Commentary

Bart taking bruise out of Hughes news

Colon keeping Yanks afloat as young righty's mysterious ailment continues to perplex

Updated: May 3, 2011, 10:54 AM ET
By Wallace Matthews | ESPNNewYork.com

DETROIT -- The Yankees still don't have an answer on Phil Hughes. But they seem to have an answer for Phil Hughes.

That answer is Bartolo Colon.

Hughes underwent his tests at the St. Louis office of vascular surgeon Dr. Robert William Thompson on Monday afternoon. Everything came back clean, which means he doesn't have thoracic outlet syndrome, the serious and potentially career-ending circulatory condition that finished Jeremy Bonderman at 26, just two years older than Hughes.

[+] EnlargeBartolo Colon
AP Photo/Carlos OsorioBartolo Colon just didn't have it for the Yankees as he gave up five runs in the first two innings.

But no news is not necessarily good news, since the Yankees are back to where they started a couple of weeks ago, with a young, seemingly healthy pitcher who has suddenly lost his fastball and with no rational or satisfying way to explain it.

The fact that Hughes doesn't have TOS is good news for him, but the fact is the Yankees still don't have Hughes, and all their double-talk and best-casing aside, they really have no idea when or if they will have him again this season.

Which brings us back to Colon, who at the beginning of spring training was just another spare part in a washed-up pitchers junkyard being accumulated by Brian Cashman but who now is as important a part of the Yankees' starting rotation as CC Sabathia.

Colon threw another gem Monday night, seven innings of three-run ball against the Tigers. In a world without Alex Avila, who hit two solo homers off him, he probably would have coasted to his third straight victory since being rescued from the limbo of long relief and, of necessity, thrust into the rotation.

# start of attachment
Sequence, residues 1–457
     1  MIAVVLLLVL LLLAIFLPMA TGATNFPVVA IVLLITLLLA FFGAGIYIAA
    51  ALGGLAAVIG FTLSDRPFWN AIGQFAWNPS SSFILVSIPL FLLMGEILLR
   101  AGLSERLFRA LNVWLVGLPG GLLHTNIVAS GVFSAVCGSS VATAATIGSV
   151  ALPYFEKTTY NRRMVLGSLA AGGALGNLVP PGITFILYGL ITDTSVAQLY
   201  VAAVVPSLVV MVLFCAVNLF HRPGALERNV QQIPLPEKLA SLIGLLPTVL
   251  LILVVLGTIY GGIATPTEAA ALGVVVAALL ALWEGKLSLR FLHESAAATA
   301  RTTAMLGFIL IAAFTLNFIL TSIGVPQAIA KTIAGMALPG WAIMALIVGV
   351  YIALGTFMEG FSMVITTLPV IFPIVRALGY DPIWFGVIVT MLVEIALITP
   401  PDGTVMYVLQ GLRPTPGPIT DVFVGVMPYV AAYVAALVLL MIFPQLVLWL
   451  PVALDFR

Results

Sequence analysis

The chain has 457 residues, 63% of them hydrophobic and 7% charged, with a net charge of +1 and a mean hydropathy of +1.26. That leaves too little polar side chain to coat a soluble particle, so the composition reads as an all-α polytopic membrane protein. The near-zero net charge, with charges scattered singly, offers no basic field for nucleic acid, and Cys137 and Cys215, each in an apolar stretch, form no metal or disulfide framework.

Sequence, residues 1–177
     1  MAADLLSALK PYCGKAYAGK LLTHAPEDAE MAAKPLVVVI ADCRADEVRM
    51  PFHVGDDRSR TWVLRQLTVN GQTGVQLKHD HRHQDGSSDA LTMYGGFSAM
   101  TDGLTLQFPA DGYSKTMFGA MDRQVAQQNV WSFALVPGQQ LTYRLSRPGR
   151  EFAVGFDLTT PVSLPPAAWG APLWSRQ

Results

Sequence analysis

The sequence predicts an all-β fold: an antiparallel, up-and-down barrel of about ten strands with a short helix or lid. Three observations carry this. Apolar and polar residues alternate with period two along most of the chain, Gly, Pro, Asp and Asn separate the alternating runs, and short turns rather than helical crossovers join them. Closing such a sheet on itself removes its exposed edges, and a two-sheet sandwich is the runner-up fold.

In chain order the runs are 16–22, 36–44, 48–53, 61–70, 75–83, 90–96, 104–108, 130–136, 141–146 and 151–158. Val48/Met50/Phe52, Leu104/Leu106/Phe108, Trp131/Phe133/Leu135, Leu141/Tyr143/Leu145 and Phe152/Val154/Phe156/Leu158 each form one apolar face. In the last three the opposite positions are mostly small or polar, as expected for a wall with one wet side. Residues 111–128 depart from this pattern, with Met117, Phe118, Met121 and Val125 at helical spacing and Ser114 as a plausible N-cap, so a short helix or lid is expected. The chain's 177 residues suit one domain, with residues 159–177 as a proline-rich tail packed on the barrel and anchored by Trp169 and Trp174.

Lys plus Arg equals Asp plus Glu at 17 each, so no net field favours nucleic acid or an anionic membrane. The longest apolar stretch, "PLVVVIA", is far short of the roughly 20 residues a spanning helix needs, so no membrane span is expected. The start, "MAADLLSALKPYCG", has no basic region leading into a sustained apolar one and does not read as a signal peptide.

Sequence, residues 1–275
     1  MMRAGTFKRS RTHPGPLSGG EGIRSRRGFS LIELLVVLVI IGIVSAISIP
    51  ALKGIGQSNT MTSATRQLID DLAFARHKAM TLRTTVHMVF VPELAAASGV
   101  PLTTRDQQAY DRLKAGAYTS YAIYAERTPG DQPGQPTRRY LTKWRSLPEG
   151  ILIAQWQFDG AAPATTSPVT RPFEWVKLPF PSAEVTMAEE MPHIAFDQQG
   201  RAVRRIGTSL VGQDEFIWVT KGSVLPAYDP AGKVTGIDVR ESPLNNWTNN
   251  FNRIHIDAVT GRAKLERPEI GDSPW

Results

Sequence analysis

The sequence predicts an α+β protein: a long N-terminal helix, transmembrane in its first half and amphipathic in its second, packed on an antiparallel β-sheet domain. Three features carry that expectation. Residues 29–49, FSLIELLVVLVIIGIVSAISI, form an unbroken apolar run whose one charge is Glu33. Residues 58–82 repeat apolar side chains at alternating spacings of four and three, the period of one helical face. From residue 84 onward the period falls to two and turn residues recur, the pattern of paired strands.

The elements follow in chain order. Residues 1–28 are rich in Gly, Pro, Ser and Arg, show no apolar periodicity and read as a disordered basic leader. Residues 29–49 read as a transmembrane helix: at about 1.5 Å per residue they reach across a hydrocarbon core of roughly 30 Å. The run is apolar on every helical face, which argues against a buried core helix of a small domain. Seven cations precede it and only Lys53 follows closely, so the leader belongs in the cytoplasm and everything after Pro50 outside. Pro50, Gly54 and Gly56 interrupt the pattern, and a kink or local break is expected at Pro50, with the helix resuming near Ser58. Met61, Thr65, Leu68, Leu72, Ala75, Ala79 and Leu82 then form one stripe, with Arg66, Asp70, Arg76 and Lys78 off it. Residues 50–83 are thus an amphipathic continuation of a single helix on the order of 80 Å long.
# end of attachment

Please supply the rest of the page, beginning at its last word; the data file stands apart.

Between surrendering the homers to Avila and watching his teammates waste opportunity after opportunity, going 1-for-their-first-13 with runners in scoring position before Nick Swisher delivered the timely single that scored Mark Teixeira with what would be the winning run in the Yankees' 5-3 victory at Comerica Park, Colon was doomed to a no-decision.

But right now, he looks like the best decision Cashman & Co. made all winter. In six appearances -- the first three as a reliever and the last three as a starter -- Colon has pitched 33 innings, struck out 33 batters and walked just six. His ERA is 3.00, his record 2-1. He is a pot-bellied, strike-throwing machine who eats nothing as efficiently as he gobbles up innings.

Because of him, the Yankees were able to give Rafael Soriano the night off, and David Robertson and Boone Logan. For an incredibly sloppy game, the pitching progression was as neat as it comes: seven innings from the starter, a scoreless inning from Joba Chamberlain, a perfect inning from Mariano Rivera and another win from a team that hasn't even begun to hit on all cylinders.

But Colon, 38 years old, no more than 5-foot-9 and no less that 275 pounds, just keeps chugging along. Through it all, he has remained humble, repeatedly expressing his appreciation to the Yankees for giving him the opportunity to return to big league ball after an absence of nearly two years.

In truth, it is the Yankees who should be thanking him.

How much more devastating would the Hughes absence loom without Colon here to seamlessly take his place?

"It means a lot," Joe Girardi said. "Because you think about if we had to go further down in our system with some younger kids, it would be difficult. He has really picked us up."

It would mean, perhaps, that the Yankees would have had to rush up Manny Banuelos, just a month past his 20th birthday, in his first full season of Double-A ball. Or Dellin Betances, just 23 years old, like Banuelos a Double-A pitcher, barely a year removed from ligament surgery. Or Andrew Brackman, 25 years old, a veteran of Tommy John surgery in his first Triple-A season.

Any or all of those three are likely to be outstanding major league pitchers some day. But not today, and to have had to rush them into service could have been disastrous.